Thursday, November 15, 2012

Reading The Third Industrial Revolution

I posted the following in the end of the last hydrogen post but it belongs in a new post, since I'm now reading this book:

"Rifkin's agenda fully answers Bryant's latest rantings against academia as purely intellectual stuff, since Rifkin's ideas of a new energy infrastructure are currently being implemented in the EU. And it is ushering in a new  political economy based on renewable energy, distributed capitalism and democratic sociological restructuring within an emerging and viable P2P paradigm. And all of which far surpasses kennilingus conscious capitalism, still based in the old political economy and social structures."

One of the things Rifkin emphasizes in the book is that all of the pieces of the TIR must be generated, developed, coordinated and implemented simultaneously for it to work. I.e., it is an integral paradigm touching on and integrating all quadrants/zones. He observed that even with more investment in renewable energy sources it was still organized top-down with large-scale, centralized control as part of the old paradigm. While he recognizes that this is necessary as a transition step the goal is to have small-scale distributed renewable energy generation in every home and office building, thus supporting the P2P paradigm. 

Thus I criticize kennilingual conscious capitalism for investing nothing in the P2P paradigm, or in trying to change the economic base and energy infrastructure. I said it may very well be part of the transition process to such a distributed metaparadigm, but due to its focus on primarily the consciousness of individual development to the exclusion of corresponding equivalent enactments in the other quadrants/zones it cannot get very far at all per Rifkin above. To the contrary by not touching on the other paradigms it seems to mostly just reinforce its own insular agenda and profit motive while giving the social tools to corporations to continue and expand its oil-driven, top-down, 1% lifeworld.*

In discussing the energy smart-grid that is now being developed and implemented Rifkin noted that its focus is different in the US and the EU. In the US the energy lobby simply refuses to make the grid lateral and P2P, instead demanding it be centralized and top-down only so that they maintain control and profits. A member of that lobby admitted as much directly to Rifkin. Whereas in the EU, while acknowledging large, centralized investment is necessary to start, their energy lobby is also investing in the lateral capabilities to implement the P2P energy and profit sharing inherent to the TIR.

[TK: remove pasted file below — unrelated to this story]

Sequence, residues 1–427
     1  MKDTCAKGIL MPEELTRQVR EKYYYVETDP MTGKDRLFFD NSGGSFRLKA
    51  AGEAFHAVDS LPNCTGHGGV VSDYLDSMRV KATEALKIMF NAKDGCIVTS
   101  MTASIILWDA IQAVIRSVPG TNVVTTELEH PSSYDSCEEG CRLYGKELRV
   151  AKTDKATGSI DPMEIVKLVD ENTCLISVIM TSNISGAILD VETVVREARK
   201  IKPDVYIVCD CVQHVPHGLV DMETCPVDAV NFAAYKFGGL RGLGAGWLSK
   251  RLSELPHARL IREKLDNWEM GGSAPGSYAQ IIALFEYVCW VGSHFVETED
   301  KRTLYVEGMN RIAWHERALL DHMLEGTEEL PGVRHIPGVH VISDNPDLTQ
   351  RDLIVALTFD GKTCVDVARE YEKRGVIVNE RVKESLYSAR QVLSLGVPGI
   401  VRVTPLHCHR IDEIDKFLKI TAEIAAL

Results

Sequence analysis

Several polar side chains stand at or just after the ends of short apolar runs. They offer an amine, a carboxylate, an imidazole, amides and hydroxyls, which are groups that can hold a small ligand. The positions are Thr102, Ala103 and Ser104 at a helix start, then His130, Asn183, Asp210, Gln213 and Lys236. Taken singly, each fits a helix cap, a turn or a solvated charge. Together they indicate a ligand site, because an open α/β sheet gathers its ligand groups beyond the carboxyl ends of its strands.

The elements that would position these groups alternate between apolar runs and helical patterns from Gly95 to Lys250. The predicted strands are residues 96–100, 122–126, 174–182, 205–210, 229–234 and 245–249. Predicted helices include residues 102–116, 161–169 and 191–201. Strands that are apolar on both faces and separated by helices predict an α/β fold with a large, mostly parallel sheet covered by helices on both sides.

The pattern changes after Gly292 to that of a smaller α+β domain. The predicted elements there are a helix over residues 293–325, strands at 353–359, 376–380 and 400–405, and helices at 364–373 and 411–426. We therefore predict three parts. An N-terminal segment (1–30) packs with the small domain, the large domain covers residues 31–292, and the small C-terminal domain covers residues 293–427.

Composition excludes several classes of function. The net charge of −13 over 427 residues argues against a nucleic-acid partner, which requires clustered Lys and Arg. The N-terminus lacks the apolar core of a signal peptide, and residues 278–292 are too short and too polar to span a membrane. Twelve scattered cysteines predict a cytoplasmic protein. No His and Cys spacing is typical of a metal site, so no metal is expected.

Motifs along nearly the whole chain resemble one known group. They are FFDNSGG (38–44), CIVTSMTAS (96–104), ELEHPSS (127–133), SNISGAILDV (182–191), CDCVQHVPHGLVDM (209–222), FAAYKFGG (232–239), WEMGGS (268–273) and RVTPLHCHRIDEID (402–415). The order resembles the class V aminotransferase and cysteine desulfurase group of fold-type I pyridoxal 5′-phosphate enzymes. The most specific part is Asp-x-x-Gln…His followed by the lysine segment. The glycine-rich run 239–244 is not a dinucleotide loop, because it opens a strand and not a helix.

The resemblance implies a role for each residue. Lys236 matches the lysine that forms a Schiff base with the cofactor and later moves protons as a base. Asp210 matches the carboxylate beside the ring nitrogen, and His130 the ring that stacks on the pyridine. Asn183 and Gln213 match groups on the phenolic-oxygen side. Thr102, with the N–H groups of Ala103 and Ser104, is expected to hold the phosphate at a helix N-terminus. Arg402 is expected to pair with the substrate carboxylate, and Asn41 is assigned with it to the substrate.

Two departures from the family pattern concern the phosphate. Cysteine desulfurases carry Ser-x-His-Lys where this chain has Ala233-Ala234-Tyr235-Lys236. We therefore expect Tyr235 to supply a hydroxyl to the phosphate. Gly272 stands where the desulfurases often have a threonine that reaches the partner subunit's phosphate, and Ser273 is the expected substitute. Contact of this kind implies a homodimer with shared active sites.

Their energy companies are realizing that they no longer have to be major producers of energy but can transition into being service agents managing energy usage along the grid for those millions of self-generating homes and offices. It's a completely different mindset and worldview. I'm reminded of Ray Harris' astute observations in "Left, right or just plain wrong?"

"Will an integral political economy be capitalist in character or be a totally new configuration that transcends any previous political economy? Is the integral movement really challenging the cultural norms of society or is there a bias that accepts individualism and capitalism as a given? Is the integral movement coloured by being largely an American phenomenon? Shouldn't the integral movement be truly international and integrate multiple cultural perspectives?"

And as we've observed in the "global capitalism" thread,* kennilingus maintains all of the infrastructure of centralized capital instead of distributed capital, as well as the centralized, top-down governance and proprietary property structure inherent to that economic form instead of the P2P meme. And all the while claiming an integral, postformal structure of consciousness but surrounded with all the accoutrements of formal enactment.

Perhaps we need to define ourselves by what we do and how we do it--our actual enactments--instead of our grand theories of everything? Then we'd get a better picture of our actual development? Like regressives in the last election that truly believed they would win by landslide, perhaps kennlingus needs a Nate Silver to give them an accurate picture they obviously don't want to see. Harris tried but was dismissed as MGM. I don't see that has changed much, ergo no Rifkin in their diet. Or P2P. Or OOO, etc.

Also see Dierkes' blog post "Free market philosophy is not integral."

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